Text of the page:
The Long Dumb Road (2018)
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A very well scripted, acted, and photographed film of a road trip story! My only grip with story is the nominal ending of the flick.
In this case, the secret weapon is Jason Mantzoukas (The Good Place, Dirty Grandpa), the current go-to actor for nutty but endearing characters. The Long Dumb Road is a showcase for Mantzoukas, who moves into a lead role after stealing scenes as a supporting actor in earlier films and television shows.
Mantzoukas' straight man is 21-year-old Tony Revolori (The Grand Budapest Hotel). He plays Nat, who is leaving the family nest and driving from Texas to Los Angeles to begin art school.
Engine trouble brings Nat together with Mantzoukas' Richard, an itinerant mechanic in his 30s who has simply bounced around since he was Nat's age. After Richard gets Nat's minivan running again, the kid agrees to him a lift to a nearby town.
Circumstances conspire to extend their trip together to Las Cruces, New Mexico, and then north to Albuquerque. Along the way, Richard's antics yank Nat out of his comfort zone, effectively demonstrating the things he can and can't control and forcing him to overcome unexpected challenges.
The two men are bookends for young adulthood. Nat has a plan he thinks he can follow. Like many of us of a certain age, Richard looks into the mirror and wonders: What the hell happened?
A number familiar faces pop up during the trip: Casey Wilson (Happy Endings) as Richard's old flame from high school, Grace Gummer (Mr. Robot) and Taissa Farmiga (American Horror Story, The Bling Ring) as sisters the guys pick up in a bar, Pamela Reed (Parks and Recreation) as a good Samaritan and Ron Livingston (Office Space) as Richards's frenemy Francois.
Without giving away the ending, suffice it to say that it's not the type of conclusion one usually sees in this sort of movie. Credit writer/director Hannah Fidell and cowriter Carson Mell (Silicon Valley) for finding that fresh take on a tired genre.
Expect very raw language throughout with numerous sexual references and situations. There are a number of known screen names in the movie but they can only do so much, as the film just never seemed to get its act together.
The movie itself was good ,, was properly written, the script looked well done and the plot even though lacks a bit of genuinity, yet it showed dependency and the flawless, quick and easily followable scenario.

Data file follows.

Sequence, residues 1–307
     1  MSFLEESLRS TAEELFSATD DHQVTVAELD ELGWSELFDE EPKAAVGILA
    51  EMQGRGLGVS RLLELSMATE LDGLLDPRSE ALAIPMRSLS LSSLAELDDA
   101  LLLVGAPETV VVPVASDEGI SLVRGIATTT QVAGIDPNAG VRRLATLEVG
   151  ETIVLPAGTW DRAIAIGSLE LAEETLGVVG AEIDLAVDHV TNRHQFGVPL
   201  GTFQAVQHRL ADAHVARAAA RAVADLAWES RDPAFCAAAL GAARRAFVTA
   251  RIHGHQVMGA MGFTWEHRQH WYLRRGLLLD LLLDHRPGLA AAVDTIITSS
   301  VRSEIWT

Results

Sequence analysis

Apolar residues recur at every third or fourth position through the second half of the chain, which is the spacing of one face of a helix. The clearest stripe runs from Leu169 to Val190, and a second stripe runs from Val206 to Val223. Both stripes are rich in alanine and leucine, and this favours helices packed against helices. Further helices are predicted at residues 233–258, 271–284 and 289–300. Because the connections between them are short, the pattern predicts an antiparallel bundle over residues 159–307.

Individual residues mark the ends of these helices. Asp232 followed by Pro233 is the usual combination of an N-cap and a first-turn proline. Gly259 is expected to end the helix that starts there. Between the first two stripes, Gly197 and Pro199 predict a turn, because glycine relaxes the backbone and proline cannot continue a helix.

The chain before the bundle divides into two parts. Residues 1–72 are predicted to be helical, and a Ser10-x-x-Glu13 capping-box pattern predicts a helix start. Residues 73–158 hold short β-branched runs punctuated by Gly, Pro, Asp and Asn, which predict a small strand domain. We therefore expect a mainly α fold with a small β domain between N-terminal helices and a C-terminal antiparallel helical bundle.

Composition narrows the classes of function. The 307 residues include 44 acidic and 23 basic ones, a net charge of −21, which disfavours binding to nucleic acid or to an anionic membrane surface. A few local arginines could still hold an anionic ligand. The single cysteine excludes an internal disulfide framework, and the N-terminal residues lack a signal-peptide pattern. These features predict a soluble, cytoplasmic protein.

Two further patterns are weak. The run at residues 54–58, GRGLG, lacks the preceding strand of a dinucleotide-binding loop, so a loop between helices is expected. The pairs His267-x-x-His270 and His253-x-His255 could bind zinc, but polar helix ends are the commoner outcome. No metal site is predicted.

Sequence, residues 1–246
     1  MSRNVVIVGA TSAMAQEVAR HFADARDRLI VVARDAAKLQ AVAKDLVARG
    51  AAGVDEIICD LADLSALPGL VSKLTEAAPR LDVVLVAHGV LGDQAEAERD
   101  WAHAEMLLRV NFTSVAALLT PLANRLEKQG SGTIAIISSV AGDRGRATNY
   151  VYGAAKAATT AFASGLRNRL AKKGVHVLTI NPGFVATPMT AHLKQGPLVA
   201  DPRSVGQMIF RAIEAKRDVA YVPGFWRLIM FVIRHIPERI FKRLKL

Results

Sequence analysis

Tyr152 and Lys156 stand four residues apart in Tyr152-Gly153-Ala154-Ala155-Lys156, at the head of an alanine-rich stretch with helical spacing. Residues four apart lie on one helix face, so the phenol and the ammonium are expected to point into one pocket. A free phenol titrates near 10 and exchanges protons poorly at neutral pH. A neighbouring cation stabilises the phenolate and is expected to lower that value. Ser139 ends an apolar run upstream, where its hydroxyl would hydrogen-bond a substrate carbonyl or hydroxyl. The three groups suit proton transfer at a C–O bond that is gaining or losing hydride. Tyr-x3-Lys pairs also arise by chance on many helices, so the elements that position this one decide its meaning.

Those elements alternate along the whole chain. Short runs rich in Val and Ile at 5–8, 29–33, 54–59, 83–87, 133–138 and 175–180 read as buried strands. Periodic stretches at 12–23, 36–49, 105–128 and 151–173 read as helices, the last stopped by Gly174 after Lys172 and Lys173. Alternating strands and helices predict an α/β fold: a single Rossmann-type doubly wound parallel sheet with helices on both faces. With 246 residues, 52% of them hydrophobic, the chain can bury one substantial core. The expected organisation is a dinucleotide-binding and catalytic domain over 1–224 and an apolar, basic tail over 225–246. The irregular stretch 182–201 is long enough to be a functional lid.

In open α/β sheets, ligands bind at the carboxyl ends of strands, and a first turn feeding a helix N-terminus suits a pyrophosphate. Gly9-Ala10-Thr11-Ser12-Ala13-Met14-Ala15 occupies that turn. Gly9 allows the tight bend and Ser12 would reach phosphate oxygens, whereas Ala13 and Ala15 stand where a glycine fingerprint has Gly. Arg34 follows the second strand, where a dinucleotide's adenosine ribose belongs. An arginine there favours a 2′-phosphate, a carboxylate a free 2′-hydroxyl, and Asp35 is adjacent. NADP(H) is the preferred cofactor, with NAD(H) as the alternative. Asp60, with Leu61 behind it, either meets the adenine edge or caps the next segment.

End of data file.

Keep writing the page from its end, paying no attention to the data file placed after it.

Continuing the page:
The cast, Jason Mantzoukas did really amazing ,, Tony Revolori (the boy from The Grand Budapest Hotel :D) was coo too.
The movie might not be a top boxoffice ranked but it was really good and with a bit of marketing it might do well for the rest of the year ... So recommended .
The only thing that saves this from a nice one star is that it actually have actors that CAN act, even if they get poor directions. But even the acting is not good enough to give it more than 2 thumbs up, sorry folks.
Ending could have been a bit better then I would have rated it higher but still a solid
What begins as a chance meeting quickly turns into a life initiation for the young Nat on his way to college. The odd worldly Richard seems to be just what the young Nat needed to shed the luke-warm sense of security of his comfort zone.
Fantastic acting by Mantzoukas which is given more room than usual to play and creates a truly memorable character. Loved his nuggets of wisdom, especially the ones followed by complete erratic acts. Great supporting cast made up of some other familiar faces. Enjoyed the music, too.
It is a light hearted comedy, as events portrayed are a little exaggerated. It is still an enjoyable comedy, especially because of the number of recognisable faces.
It was the long, dumb movie. What a shame.
The second thing that bothered me and thought it was the stupidity of the screenplay writer and the production team, including the director, who were so out of touch. Did they know that people now are using digital cameras and SD card to shoot pictures? Making the young man from Texas still used the film camera was a big joke since developing photo films are even more expensive than using a digital camera with a laptop and a laser printer. You might even not be able to find a store where still sell films for such cameras. And in the end of this movie, we saw the young man from Texas was developing the films he shot from his road trip? So not only he got to pay for the rent, he got to have another space for his dark room to develop his photos.
This is not a realistic movie and by the way, since shooting movies with celluloid films instead with the digital cameras now are so expensive, we better not to call movies as "Films", because nowadays, movies made in celluloid films are not just rare but more expensive, we should just call motion pictures as "Movies"; because they got nothing to do with "film" anymore.